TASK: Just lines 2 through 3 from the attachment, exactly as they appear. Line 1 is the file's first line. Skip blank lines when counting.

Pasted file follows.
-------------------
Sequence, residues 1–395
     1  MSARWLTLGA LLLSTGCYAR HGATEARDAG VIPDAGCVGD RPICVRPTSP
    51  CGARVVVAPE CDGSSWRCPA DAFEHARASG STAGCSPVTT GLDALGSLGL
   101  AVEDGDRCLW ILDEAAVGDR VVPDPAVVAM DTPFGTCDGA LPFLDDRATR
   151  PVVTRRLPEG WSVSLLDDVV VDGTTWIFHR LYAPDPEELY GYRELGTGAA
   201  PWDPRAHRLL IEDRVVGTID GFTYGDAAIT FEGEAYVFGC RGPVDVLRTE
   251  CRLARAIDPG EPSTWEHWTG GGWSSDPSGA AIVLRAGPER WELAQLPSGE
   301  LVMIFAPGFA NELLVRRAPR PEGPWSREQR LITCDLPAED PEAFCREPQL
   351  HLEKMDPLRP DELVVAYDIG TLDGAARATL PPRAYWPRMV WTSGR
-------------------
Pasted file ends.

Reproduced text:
     1  MSARWLTLGA LLLSTGCYAR HGATEARDAG VIPDAGCVGD RPICVRPTSP
    51  CGARVVVAPE CDGSSWRCPA DAFEHARASG STAGCSPVTT GLDALGSLGL